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  • Predicates of Personal Taste, Semantic Incompleteness, and Necessitarianism.Markus Kneer - 2021 - Linguistics and Philosophy 44 (5):981-1011.
    According to indexical contextualism, the perspectival element of taste predicates and epistemic modals is part of the content expressed. According to nonindexicalism, the perspectival element must be conceived as a parameter in the circumstance of evaluation, which engenders “thin” or perspective-neutral semantic contents. Echoing Evans, thin contents have frequently been criticized. It is doubtful whether such coarse-grained quasi-propositions can do any meaningful work as objects of propositional attitudes. In this paper, I assess recent responses by Recanati, Kölbel, Lasersohn and MacFarlane (...)
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  • No fue suerte, estaba preparado: la filosofía de la suerte de Axel Barceló.Julen Ibarrondo Murguialday - 2021 - Dianoia 66 (86):113-128.
    En este trabajo expongo la concepción de la suerte que defiende Axel Barceló en su libro Falibilidad y normatividad. Un análisis filosófico de la suerte. De acuerdo con Barceló, la suerte es un concepto irreductiblemente normativo mediante el cual el agente obtiene un resultado con un procedimiento para el que no estaba preparado. Este nuevo enfoque arroja luz sobre problemas filosóficos aparentemente muy distintos, como el papel de la suerte en nuestras evaluaciones epistémicas y morales, el problema de la vaguedad (...)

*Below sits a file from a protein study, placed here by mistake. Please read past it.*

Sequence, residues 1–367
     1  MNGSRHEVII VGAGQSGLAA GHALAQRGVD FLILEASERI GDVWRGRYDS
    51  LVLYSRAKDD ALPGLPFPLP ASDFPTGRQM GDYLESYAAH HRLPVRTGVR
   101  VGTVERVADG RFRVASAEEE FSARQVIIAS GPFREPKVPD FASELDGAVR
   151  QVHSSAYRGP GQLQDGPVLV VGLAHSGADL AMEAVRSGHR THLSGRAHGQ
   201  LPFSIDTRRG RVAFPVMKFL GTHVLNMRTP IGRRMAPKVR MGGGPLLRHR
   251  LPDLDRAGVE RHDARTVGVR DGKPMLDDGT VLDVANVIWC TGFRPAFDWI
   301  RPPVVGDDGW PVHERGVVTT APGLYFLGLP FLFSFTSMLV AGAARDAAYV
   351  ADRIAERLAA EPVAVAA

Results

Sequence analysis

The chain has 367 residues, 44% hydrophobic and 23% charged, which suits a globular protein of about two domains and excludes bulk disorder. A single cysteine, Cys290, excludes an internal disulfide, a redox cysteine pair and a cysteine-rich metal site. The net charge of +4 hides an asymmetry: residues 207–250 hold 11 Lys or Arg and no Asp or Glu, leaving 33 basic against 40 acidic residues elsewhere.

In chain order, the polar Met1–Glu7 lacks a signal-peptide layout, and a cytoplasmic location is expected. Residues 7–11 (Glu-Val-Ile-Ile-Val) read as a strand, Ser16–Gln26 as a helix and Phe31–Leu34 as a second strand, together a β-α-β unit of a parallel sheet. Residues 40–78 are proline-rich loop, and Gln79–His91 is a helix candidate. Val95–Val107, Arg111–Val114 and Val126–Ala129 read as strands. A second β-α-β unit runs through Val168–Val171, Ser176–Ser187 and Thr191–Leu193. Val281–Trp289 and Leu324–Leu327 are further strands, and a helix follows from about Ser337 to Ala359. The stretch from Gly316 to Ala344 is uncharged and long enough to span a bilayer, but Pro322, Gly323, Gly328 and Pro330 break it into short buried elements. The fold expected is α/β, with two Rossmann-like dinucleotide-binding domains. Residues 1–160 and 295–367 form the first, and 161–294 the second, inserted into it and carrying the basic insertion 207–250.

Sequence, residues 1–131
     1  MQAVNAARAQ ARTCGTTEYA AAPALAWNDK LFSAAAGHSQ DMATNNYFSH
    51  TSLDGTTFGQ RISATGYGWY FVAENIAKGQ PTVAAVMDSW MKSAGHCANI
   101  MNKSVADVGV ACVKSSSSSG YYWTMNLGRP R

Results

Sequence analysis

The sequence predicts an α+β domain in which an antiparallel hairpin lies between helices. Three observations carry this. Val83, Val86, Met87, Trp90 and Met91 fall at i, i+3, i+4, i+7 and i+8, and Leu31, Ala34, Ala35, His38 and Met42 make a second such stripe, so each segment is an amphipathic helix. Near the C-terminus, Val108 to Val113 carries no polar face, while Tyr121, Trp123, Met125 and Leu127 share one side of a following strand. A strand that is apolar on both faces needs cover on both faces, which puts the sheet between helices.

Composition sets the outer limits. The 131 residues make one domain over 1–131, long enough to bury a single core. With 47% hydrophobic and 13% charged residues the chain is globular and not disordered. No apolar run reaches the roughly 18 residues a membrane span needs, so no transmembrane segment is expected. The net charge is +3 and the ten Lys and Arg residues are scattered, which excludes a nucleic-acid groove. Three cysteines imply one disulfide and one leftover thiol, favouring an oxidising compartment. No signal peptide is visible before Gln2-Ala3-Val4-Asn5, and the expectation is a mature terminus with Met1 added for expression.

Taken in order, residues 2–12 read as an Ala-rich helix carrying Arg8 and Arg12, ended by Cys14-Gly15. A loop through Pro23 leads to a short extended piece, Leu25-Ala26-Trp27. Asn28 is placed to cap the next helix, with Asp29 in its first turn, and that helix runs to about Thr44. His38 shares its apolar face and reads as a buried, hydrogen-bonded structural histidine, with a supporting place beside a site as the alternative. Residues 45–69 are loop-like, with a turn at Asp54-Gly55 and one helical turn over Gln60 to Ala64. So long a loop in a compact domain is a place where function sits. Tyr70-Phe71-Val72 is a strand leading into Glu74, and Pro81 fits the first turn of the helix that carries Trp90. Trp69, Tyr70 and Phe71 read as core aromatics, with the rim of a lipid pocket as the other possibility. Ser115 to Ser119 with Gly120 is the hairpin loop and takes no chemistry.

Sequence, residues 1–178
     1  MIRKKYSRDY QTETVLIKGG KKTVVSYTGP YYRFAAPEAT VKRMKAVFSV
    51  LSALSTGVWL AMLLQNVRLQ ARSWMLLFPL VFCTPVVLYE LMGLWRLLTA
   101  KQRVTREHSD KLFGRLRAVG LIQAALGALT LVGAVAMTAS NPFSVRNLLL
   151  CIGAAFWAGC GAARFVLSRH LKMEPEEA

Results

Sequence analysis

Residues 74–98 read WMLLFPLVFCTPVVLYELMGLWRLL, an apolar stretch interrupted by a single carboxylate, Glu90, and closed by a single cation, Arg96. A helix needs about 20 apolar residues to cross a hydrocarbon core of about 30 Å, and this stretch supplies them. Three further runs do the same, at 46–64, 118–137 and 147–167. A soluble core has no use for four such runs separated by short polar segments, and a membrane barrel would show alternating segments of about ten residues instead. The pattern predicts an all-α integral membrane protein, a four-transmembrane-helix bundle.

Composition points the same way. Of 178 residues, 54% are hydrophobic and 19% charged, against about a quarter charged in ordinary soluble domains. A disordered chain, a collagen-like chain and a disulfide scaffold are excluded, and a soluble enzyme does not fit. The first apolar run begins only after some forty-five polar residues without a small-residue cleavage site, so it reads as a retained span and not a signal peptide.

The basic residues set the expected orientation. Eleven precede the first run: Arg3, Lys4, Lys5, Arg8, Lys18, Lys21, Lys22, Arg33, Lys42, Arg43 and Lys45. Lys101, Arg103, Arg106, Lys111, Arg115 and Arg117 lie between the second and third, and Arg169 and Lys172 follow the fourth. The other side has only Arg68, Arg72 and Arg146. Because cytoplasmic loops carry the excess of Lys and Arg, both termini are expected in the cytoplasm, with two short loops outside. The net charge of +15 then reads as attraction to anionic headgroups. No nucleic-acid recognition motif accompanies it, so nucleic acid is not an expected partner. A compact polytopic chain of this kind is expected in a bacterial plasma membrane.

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  • Alethic pluralism and the value of truth.Filippo Ferrari - 2021 - Synthese 199 (1):1–25.
    I have two objectives in this paper. The first is to investigate whether, and to what extent, truth is valuable. I do this by first isolating the value question from other normative questions. Second, I import into the debate about the nature of truth some key distinctions hailing from value theory. This will help us to clarify the sense in which truth is valuable. I then argue that there is significant variability in the value of truth in different areas of (...)
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  • The Points of Concepts: Their Types, Tensions, and Connections.Matthieu Queloz - 2019 - Canadian Journal of Philosophy 49 (8):1122-1145.
    In the literature seeking to explain concepts in terms of their point, talk of ‘the point’ of concepts remains under-theorised. I propose a typology of points which distinguishes practical, evaluative, animating, and inferential points. This allows us to resolve tensions such as that between the ambition of explanations in terms of the points of concepts to be informative and the claim that mastering concepts requires grasping their point; and it allows us to exploit connections between types of points to understand (...)
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  • Constructivism, Intersubjectivity, Provability, and Triviality.Andrea Guardo - 2019 - International Journal of Philosophical Studies 27 (4):515-527.
    Sharon Street defines her constructivism about practical reasons as the view that whether something is a reason to do a certain thing for a given agent depends on that agent’s normative point of view. However, Street has also maintained that there is a judgment about practical reasons which is true relative to every possible normative point of view, namely constructivism itself. I show that the latter thesis is inconsistent with Street’s own constructivism about epistemic reasons and discuss some consequences of (...)